Love Makes

Love makes bitter things sweet.
Love turns copper to gold.
With love dregs settle into clarity.
With love suffering ceases.
Love brings the dead back to life.
Love transforms the King into a slave.
Love is the consummation of Gnosis.
How could a fool sit on such a throne?

by Mewlana Jalaluddin Rumi

Comments (3)

I am reading a book on Rosetti, and he is really ahead of the times with this Poem. This was written in Victorian England, heaven is a place for reunited lovers, and the Young girl is simultaneously pure and desiring at a prudish time when the two were seen as opposites. There were many other ways in which this poem challenged contradictory orthodoxy views of the day. Pretty good, given that it was, I believe, his first poem. He's certainly no Poe, but I admire his courage to fearlessly state that sexual desires can coexist with sexual purity in Victorian England.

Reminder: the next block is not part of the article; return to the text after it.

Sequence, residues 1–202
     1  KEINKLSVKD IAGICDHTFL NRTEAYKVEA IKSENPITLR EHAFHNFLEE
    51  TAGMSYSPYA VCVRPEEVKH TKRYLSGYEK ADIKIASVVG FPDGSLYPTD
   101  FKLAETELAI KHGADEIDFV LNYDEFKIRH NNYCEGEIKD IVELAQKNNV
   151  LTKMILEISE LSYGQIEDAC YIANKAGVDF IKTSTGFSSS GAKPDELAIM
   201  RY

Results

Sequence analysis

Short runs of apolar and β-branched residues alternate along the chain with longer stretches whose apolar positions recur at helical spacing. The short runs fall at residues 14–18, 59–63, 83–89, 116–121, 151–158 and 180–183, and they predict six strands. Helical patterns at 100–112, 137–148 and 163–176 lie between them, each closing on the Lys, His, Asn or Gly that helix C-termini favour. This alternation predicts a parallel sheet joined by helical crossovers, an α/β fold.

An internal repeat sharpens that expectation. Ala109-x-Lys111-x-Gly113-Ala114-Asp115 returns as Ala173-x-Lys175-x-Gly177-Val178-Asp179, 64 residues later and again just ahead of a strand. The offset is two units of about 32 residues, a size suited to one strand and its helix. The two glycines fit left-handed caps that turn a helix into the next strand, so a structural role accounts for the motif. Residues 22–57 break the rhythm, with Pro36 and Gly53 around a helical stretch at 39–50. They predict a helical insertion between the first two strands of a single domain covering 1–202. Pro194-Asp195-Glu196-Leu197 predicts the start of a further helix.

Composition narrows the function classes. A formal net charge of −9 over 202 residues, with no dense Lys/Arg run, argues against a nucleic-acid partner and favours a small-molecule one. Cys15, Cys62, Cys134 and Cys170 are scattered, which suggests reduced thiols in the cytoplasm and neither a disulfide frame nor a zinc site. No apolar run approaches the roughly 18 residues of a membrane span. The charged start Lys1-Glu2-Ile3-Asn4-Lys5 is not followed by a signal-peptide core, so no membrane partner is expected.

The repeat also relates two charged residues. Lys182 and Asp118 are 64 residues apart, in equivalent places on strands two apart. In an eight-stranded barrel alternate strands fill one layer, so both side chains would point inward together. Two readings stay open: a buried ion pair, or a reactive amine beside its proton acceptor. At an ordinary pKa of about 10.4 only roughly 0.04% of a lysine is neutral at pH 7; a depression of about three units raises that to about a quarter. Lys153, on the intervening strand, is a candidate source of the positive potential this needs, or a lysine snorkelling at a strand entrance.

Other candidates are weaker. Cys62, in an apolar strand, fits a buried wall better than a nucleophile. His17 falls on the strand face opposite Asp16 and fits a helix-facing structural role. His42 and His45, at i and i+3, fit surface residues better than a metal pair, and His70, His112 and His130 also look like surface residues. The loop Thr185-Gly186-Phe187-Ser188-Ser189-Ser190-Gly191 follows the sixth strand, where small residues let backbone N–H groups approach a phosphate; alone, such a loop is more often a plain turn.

Rossetti admired Poe's 'The Raven' and wrote this poem as a counterpart to it, from the viewpoint of the dead woman, sad though in heaven, because she is separated from her lover. Although she dreams of what it will be like when they are reunited, the poem suggests, alas, that he is unlikely ever to join her in heaven.
excellent word-painting